Can a taxpayer deduct tuition for a master of business administration program?
Taxpayer Says: He was in the business of selling pharmaceuticals and the MBA classes enabled him to obtain employment and are deductible.
Internal Revenue Service Says: Taxpayer was not established in a trade or business and his employers did not require him to enroll in an MBA program. The tuition expenses are not deductible.
From Internal Revenue Code Section 162(a): Provides a deduction for “all the ordinary and necessary expenses paid or incurred during the taxable year in carrying on any trade or business.”
From Internal Revenue Code Section 67(a): Miscellaneous itemized deductions, such as the deduction for unreimbursed employee business expenses, are allowed only to the extent that the total of such deductions exceeds 2% of AGI.
From Internal Revenue Code Section 262(a) : Disallows deductions for personal, living, or family expenses.
From Federal Tax Regulation 1.162-5(a): Provides that a taxpayer may deduct
educational expenses as ordinary and necessary business expenses if the education (1) maintains or improves skills required by the individual in his or her employment or other trade or business or (2) meets the express requirements of the individual’s employer, or the requirements of applicable law or regulations, imposed as a condition to the retention by the individual of an established employment relationship, status, or rate of compensation.
From Federal Tax Regulation 1.162-5(b)(3)(i): Education expenses, however, are not deductible as ordinary and necessary business expenses if the education is part of a program of study being pursued by a taxpayer that leads to the taxpayer’s qualifying for a new trade or business.
From Deputy v. du Pont, 308 U.S. 488, 495 (1940): A trade or business expense is ordinary for purposes of section 162 if it is normal or customary within a particular trade, business, or industry, and a trade or business expense is necessary if it is appropriate and helpful for the development of the business.
From Orvis v. Commissioner, 788 F.2d 1406, 1408 (9th Cir. 1986), aff’g T.C. Memo. 1984-533: For such expenses to be deductible, the taxpayer must not have the right to obtain reimbursement from his or her employer.
From Link v. Commissioner, 90 T.C. 460, 463 (1988), aff’d without published opinion, 869 F.2d 1491 (6th Cir. 1989): Implicit in both section 162 and the regulations is that the taxpayer must be established in a trade or business before any expenses are deductible.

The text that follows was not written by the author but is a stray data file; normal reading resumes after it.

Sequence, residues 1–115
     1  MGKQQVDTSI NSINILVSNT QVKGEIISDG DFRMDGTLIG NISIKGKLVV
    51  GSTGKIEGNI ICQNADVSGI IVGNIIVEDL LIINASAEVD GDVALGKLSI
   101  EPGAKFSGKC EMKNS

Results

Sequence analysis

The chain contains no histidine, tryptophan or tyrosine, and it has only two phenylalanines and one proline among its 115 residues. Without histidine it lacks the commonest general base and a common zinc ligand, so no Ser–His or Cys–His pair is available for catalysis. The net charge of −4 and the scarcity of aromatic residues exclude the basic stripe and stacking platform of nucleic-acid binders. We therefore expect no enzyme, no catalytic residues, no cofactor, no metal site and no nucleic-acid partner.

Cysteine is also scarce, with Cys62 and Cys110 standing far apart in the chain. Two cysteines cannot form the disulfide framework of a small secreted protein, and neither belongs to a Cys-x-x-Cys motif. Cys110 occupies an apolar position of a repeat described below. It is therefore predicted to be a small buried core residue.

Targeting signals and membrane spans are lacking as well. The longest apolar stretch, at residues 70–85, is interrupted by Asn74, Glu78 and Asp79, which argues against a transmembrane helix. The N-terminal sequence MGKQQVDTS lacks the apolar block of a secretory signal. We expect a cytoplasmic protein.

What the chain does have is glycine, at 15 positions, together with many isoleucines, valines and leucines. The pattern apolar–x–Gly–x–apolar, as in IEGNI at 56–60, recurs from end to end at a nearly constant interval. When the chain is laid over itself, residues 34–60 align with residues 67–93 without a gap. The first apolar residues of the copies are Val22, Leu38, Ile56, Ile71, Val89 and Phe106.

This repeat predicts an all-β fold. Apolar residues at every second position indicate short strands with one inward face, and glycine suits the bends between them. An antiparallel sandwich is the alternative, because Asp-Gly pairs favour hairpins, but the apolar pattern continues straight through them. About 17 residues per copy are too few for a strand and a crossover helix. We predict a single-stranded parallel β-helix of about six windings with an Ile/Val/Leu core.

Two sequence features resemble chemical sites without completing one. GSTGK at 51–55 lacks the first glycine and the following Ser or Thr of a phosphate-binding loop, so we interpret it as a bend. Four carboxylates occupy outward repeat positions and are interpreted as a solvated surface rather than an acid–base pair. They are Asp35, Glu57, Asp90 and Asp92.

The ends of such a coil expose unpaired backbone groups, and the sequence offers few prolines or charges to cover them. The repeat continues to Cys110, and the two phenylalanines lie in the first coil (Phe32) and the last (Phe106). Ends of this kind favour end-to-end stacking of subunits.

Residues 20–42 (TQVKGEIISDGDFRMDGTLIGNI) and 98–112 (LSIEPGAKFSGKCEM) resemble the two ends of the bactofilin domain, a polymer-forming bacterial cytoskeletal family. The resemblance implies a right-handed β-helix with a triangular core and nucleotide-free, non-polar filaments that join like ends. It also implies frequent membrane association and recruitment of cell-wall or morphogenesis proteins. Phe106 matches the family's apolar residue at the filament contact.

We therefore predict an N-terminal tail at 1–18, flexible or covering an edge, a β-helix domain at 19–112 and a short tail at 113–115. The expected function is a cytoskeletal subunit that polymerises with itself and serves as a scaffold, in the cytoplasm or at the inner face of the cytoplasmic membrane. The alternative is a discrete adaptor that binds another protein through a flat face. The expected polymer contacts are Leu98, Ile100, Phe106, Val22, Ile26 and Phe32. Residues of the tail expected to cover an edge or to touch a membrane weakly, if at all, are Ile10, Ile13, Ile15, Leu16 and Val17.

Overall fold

THE CAUSE OF THE DISPUTE
In general, you can deduct ordinary and necessary expenses incurred while carrying on your trade or business. Your performance of services as an employee constitutes a trade or business, and expenses you pay for education can be deductible if they maintain or improve skills you need for your job or the education is a condition of your employment.
Because the deciding factors can vary depending on your situation, education expenses related to graduate degrees are a frequent area of dispute. Taxing Lessons has covered similar cases before, here and here. A handy, non-authoritative graphic is available in IRS publication 970 here.
In this case, the taxpayer graduated from college two years before starting the MBA program. At the time of his enrollment, he was employed as an oncology account specialist (specializing in the sale of cancer pharmaceuticals). He alternated between periods of unemployment and working at a similar occupation for three separate companies during the year at issue (2009).
On his 2009 federal income tax return, the taxpayer deducted $17,138 as unreimbursed employee business expenses for MBA program tuition. He contends he was in the business of selling pharmaceuticals and that the MBA classes he took enabled him to obtain employment in 2009.
The IRS says the taxpayer was not established in a trade or business before entering the MBA program, and his employers did not require him to enroll in an MBA program. Therefore, the tuition expenses are not deductible.
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HL Carpenter, an experienced investor and a CPA, specializes in reader friendly articles on taxes and investing for individuals and small businesses, and publishes two newsletters: Taxing Lessons and Top Drawer Ink. Visit TaxingLessons.com and HLCarpenter.com.
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